Schoutteten, Nathan
    Univ Ghent, Dept Biol, Res Grp Mycol, B-9000 Ghent, Belgium..
    Begerow, Dominik
    Ruhr Univ Bochum, Dept Geobotany, D-44801 Bochum, Germany..
    Boekhout, Teun
    Westerdijk Fungal Biodivers Inst, NL-3508 AD Utrecht, Netherlands.;Univ Amsterdam, Inst Biodivers & Ecosyst Dynam, NL-1090 GE Amsterdam, Netherlands..
    Giachini, Admir J.
    Univ Fed Santa Catarina, Dept Microbiol, BR-88040900 Florianopolis, SC, Brazil..
    Gorjón, Sergio P.
    Univ Salamanca, Dept Bot & Plant Physiol, Salamanca 37007, Spain..
    Gunde-Cimerman, Nina
    Univ Ljubljana, Biotechn Fac, Dept Biol, Ljubljana 1000, Slovenia..
    Hyde, Kevin D.
    Mae Fah Luang Univ, Ctr Excellence Fungal Res, Chiang Rai 57100, Thailand.;Zhongkai Univ Agr & Engn, Innovat Inst Plant Hlth, Guangzhou 510225, Peoples R China.;Chinese Acad Sci, Kunming Inst Bot, CAS Key Lab Plant Div & Biogeog East Asia, Kunming 650201, Yunnan, Peoples R China..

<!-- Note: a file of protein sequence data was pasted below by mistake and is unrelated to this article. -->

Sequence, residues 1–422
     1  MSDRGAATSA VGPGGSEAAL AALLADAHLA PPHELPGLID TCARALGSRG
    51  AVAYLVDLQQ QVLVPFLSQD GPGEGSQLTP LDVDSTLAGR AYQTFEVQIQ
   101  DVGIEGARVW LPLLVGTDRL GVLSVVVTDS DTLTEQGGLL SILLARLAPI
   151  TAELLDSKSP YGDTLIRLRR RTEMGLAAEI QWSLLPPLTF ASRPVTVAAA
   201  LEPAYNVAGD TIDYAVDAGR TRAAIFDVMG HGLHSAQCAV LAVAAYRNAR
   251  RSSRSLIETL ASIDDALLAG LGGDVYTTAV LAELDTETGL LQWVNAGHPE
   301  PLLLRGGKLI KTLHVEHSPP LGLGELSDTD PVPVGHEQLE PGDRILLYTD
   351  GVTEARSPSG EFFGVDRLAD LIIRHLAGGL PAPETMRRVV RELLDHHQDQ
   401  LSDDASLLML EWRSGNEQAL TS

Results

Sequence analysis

Kemler, Martin
    Ruhr Univ Bochum, Dept Geobotany, D-44801 Bochum, Germany..
    Li, Guo-Jie
    Hebei Agr Univ, Collaborat Innovat Ctr Vegetable, Coll Hort, Key Lab Vegetable Germplasm Innovat & Utilizat He, Baoding 071001, Hebei, Peoples R China..
    Liu, Dong-Mei
    Chinese Res Inst Environm Sci, Inst Ecol, Beijing 100012, Peoples R China..
    Liu, Xin-Zhan
    Chinese Acad Sci, Inst Microbiol, State Key Lab Mycol, Beijing 100101, Peoples R China..
    Nuytinck, Jorinde
    Univ Ghent, Dept Biol, Res Grp Mycol, B-9000 Ghent, Belgium.;Naturalis Biodivers Ctr, NL-2300 RA Leiden, Netherlands..
    Papp, Viktor
    Hungarian Univ Agr & Life Sci, Inst Agron, Dept Bot, H-1518 Budapest, Hungary..